Videos captured a fireball flashing across the Toronto skyline before it struck Earth near Niagara Falls

Videos captured a fireball flashing across the Toronto skyline before it struck Earth near Niagara Falls
Toronto skylinePierre Ogeron/Getty Images
  • A fireball lit up a neighborhood and passed over Toronto early Saturday morning.
  • The object's impact on Earth was predicted, marking the sixth time in history that has occurred.

A vibrant fireball that flashed across the night sky in the early hours of Saturday morning passed over the skyline of Toronto, Canada, before colliding with Earth near Niagara Falls.

The fireball was captured in several videos, including one that showed it appearing to pass by the city's CN Tower.

Another video, taken from a security camera at the front door of a home, showed the fireball light up the entire sky over the neighborhood before zooming past.

The European Space Agency said the event marked only the sixth time in history the impact of a space object with Earth was successfully predicted. The agency said while most asteroid collisions with Earth are only discovered after the fact from evidence like craters, the number of occasions in which a space rock is detected before it strikes is growing.

In fact, all six detections have taken place since 2008, according to ESA, which said continued improvement in sky scanning telescopes will likely make detection of smaller objects — which frequently strike Earth — more common.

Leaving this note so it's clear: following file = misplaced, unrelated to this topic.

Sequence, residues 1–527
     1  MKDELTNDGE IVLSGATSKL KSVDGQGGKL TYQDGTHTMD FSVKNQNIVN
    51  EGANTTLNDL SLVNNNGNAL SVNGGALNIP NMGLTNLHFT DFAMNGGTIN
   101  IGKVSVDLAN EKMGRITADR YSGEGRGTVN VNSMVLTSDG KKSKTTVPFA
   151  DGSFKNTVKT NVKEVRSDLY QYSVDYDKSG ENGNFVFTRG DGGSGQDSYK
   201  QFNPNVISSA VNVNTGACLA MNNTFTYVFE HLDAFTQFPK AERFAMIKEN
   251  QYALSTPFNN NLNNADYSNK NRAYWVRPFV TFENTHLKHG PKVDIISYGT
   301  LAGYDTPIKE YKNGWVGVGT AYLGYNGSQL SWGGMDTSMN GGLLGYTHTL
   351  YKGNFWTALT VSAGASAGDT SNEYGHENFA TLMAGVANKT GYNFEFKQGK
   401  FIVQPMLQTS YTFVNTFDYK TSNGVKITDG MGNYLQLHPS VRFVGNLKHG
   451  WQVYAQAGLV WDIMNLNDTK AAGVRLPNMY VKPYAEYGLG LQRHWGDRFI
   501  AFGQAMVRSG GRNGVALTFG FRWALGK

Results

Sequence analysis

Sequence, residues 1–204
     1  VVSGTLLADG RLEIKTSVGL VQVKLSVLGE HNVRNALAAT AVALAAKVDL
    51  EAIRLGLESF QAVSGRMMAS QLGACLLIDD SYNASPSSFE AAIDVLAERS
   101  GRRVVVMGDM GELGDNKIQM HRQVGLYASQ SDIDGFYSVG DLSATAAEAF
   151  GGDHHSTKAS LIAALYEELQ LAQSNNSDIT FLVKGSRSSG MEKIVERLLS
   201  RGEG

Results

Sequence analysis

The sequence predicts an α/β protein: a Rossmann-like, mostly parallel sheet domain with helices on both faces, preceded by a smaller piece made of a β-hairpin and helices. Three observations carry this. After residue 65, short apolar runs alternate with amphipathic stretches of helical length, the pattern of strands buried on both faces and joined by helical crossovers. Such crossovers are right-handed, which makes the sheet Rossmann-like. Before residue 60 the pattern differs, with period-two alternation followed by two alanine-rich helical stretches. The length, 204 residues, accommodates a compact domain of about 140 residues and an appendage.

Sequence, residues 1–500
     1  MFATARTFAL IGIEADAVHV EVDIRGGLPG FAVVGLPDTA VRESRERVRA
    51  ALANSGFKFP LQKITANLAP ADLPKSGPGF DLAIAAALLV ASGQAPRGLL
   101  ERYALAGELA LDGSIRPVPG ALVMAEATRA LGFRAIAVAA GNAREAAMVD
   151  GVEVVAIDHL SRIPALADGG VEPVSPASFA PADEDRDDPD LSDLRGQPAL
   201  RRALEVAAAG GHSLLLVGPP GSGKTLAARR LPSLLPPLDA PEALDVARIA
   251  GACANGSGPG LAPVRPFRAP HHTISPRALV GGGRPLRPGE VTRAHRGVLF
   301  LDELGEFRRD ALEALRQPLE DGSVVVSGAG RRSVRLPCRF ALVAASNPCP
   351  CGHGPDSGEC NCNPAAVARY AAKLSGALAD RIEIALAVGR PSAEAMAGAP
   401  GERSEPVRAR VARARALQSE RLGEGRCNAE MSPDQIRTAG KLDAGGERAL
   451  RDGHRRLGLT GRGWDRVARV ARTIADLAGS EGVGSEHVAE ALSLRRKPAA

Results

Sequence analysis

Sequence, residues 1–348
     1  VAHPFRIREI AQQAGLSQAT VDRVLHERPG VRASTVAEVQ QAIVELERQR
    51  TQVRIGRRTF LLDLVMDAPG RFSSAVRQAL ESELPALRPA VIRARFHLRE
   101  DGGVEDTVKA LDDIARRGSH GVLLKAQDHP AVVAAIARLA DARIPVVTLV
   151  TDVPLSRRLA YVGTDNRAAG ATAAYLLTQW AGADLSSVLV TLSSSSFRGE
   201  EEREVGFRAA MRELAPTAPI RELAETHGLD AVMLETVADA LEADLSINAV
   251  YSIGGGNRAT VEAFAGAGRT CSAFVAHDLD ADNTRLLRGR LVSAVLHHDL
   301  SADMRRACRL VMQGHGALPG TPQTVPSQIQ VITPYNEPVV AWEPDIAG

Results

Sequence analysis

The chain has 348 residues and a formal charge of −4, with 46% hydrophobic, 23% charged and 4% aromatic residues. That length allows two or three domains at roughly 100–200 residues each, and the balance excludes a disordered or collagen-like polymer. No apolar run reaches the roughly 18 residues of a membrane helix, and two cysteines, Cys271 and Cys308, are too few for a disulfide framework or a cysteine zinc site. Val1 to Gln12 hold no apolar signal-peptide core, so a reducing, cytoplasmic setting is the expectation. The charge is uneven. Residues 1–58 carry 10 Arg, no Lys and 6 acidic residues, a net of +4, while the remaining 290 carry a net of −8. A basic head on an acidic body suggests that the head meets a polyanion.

Large asteroids, on the other hand, are much easier to spot.

Saturday's fireball was anticipated by amateur and professional astronomers in the hours before it struck. The Minor Planet Center, which monitors asteroids, said a fast-moving object was detected by the Mount Lemmon Survey near Tucson, Arizona, triggering a "warning of an imminent impact."

The MPC said seven observatories were able to spot the object before it entered the Earth's atmosphere at around 3:27 a.m. ET over Brantford, Ontario. The object was less than 1 meter in size, according to the ESA.

The term fireball is used to refer to exceptionally bright meteors, commonly called shooting stars, that can be seen over a wide area. "Objects causing fireballs are usually not large enough to survive passage through the Earth's atmosphere intact, although fragments, or meteorites, are sometimes recovered on the ground," according to NASA.

Mike Hankey of the American Meteor Society told The New York Times its possible meteorites — debris from a space object — from Saturday's event could be discovered near Niagara Falls.